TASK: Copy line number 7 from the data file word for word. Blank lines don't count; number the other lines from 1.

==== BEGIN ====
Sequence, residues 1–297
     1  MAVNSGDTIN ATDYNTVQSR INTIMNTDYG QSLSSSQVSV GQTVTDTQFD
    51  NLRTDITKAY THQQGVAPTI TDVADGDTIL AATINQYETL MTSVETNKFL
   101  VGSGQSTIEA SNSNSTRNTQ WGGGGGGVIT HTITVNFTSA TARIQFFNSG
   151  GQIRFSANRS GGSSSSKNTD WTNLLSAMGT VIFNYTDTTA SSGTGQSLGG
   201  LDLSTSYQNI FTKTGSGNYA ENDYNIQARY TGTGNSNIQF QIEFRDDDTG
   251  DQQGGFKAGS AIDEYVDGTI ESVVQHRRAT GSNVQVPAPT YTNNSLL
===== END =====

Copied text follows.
   251  DQQGGFKAGS AIDEYVDGTI ESVVQHRRAT GSNVQVPAPT YTNNSLL